Friday, May 14, 1999

Prueher’s challenge as
envoy to China

Bullet The issue: Sino-American relations are at their lowest ebb in 10 years with the bombing of the Chinese embassy in Belgrade.
Bullet Our view: Adm. Joseph W. Prueher's experience as commander-in-chief Pacific was valuable preparation for his difficult new job.

FROM Camp Smith on Halawa Heights to Beijing: Adm. Joseph W. Prueher, the former commander-in-chief Pacific, is President Clinton's choice as ambassador to China. Obviously this is no sinecure. Sino-American relations are at their lowest ebb since the Tiananmen Square massacre 10 years ago.

As the joint-services Pacific commander, Prueher, who retired May 1, had to deal with the Chinese military and become fully acquainted with China's policies and problems. His appointment is a reflection of the continuing importance of CinCPAC and the officers who are entrusted with that command in this post-Cold War era.

Protests over the bombing of the Chinese embassy in Belgrade seem to be easing in Beijing, but Prueher will encounter a still-delicate situation when he assumes his post. (His confirmation by the Senate seems assured.) The Clinton administration's honeymoon with the Chinese Communists ended abruptly with the embassy bombing. That was a colossal blunder; the Chinese accusation that it was deliberate was preposterous.

What Jiang Zemin's regime seems to be doing by inciting protests at the U.S. Embassy in Beijing and other American outposts in China is exacting revenge for the wave of unfavorable publicity China has been receiving in the American news media.

Disclosures of nuclear espionage and illegal funneling of money to the 1996 Clinton election campaign, on top of earlier criticism of China's human rights abuses, have taken the shine off Sino-American relations. The bombing gave Beijing an opportunity to strike back and play the aggrieved party.

Jiang's charge that the United States was using its economic and technological superiority to expand its influence, pursue "power politics and wantonly interfere in the internal affairs of other countries" revealed Beijing's real aim -- not to protest a blunder but to lash out at its American critics.

No one should be deceived by this cynical propaganda exercise. Nor should Washington be impressed by China's threat to veto a Kosovo peace agreement in the U.N. Security Council. NATO does not need U.N.'s approval for any such accord.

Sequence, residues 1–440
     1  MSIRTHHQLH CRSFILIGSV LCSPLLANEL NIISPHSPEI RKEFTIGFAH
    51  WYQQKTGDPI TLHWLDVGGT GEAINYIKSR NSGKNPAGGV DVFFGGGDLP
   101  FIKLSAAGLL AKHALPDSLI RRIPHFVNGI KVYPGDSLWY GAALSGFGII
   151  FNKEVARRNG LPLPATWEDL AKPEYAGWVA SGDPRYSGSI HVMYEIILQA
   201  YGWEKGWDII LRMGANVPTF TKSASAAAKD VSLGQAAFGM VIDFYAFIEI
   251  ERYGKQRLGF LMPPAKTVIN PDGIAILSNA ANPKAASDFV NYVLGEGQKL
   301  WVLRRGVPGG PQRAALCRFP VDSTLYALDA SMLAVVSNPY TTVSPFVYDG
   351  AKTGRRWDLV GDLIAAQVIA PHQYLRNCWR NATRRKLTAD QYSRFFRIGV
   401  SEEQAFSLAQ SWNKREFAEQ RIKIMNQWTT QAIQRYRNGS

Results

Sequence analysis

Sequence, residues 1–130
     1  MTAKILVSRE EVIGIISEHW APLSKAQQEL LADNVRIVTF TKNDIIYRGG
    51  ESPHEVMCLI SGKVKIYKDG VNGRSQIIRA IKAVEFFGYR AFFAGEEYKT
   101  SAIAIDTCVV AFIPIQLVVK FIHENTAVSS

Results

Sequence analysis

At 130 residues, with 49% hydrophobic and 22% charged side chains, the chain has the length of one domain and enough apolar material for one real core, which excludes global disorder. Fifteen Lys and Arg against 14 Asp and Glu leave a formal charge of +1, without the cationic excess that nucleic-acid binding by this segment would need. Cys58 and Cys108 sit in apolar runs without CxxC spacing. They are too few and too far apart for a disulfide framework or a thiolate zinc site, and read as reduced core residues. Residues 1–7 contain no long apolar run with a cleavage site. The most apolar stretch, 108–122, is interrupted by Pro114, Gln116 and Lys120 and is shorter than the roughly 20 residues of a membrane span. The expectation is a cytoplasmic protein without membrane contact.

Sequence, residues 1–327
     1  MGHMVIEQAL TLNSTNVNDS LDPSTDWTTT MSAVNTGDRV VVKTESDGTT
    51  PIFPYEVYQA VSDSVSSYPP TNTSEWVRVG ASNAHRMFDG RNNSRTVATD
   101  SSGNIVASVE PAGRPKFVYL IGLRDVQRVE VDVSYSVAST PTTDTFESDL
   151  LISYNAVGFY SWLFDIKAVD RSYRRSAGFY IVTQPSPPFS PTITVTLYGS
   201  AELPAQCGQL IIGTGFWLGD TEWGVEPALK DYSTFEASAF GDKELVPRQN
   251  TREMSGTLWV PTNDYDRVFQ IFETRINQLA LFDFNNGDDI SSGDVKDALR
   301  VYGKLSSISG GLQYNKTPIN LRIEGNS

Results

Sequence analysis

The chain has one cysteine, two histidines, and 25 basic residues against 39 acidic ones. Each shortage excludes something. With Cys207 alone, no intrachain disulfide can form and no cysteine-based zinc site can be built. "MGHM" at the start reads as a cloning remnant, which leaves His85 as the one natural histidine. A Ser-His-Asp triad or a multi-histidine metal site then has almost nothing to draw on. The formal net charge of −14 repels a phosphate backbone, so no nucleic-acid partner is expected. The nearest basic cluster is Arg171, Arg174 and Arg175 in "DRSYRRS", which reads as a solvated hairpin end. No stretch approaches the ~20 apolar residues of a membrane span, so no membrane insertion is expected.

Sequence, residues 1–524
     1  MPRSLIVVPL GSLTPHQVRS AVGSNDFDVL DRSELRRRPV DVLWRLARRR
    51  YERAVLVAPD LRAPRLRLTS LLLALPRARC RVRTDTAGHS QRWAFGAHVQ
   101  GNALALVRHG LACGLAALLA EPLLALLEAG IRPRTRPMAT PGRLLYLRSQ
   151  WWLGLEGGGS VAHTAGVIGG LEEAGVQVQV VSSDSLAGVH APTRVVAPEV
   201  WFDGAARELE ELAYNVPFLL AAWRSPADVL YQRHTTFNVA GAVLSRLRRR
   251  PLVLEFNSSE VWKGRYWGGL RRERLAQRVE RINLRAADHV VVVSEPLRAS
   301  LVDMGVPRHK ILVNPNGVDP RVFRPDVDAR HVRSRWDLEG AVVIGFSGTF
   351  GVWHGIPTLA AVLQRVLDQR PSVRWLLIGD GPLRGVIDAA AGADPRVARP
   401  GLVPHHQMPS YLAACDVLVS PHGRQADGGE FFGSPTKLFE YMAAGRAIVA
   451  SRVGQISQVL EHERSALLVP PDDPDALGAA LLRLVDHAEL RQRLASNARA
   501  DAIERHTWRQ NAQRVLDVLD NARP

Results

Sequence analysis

After venting their wrath, the Chinese can be expected to resume doing business with the United States because it is in their interest to do so.

They enjoy a huge trade imbalance with this country and are eager for increased U.S. investments and technology. They would hardly welcome a cut-off in trade, investment or sales of new technology.

However, the "strategic partnership" that the Clinton administration hoped for is dead. China is emerging as a challenger to the United States as the dominant power in East Asia. It will take some nimble diplomacy to keep this difficult relationship from collapsing. Admiral Prueher will have his hands full.

Gun show checks

Bullet The issue: Whether to require background checks for firearm sales at gun shows
Bullet Our view: Checks should be require for all sales, including those at gun shows.

EVEN in the aftermath of the carnage at Columbine High School in the Denver suburbs, the National Rifle Association was able to exert enough muscle in the U.S. Senate to stave off an effort to close a big loophole in gun-control laws.

But the gun lobby went too far and some supporters backtracked in embarrassment. Senate leaders were forced to reverse course and support a requirement of background checks for all firearms sales at gun shows, where the two juvenile offenders at Littleton are believed to have acquired some of their weapons.

Because of the Colorado massacre, gun-control advocates went into this week's session with confidence that a bill to combat juvenile crime that had been languishing for 18 months could be used as a vehicle for firearms legislation. They were jolted when the Senate, by a 51-47 vote, rejected an amendment to expand federal criminal background checks to include buyers at gun shows, closing a loophole that has existed since checks were required of commercial gun shops.

Sen. Larry Craig, R-Idaho and a member of the NRA's board of directors, instead won passage, by a 53-45 vote, of a proposal for voluntary background checks at gun shows. Craig acknowledged that 40 percent of sales at gun shows are in so-called private sales, although 98 percent of gun shows' vendors are licensed dealers who are required to subject their customers to background checks.

The loophole allowing such private sales is significant; the sellers generally don't own gun shops but operate out of their homes, escaping federal scrutiny.

After loud complaints from President Clinton, Attorney General Janet Reno and a half-dozen members of his own party, Craig decided to "correct" the legislation to require 24-hour background checks for all transfers of firearms at gun shows. The NRA grudgingly went along with the change, which gained Senate approval today by a single vote, although Clinton and and Senate Democrats complained that it still contained loopholes.

The NRA maintains its influence in Congress, but this time its push to protect a dangerous loophole backfired at a time when the Littleton tragedy was still fresh in the public consciousness. The gun lobby may be straying too far from mainstream public opinion to maintain its clout.

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John M. Flanagan, Editor & Publisher

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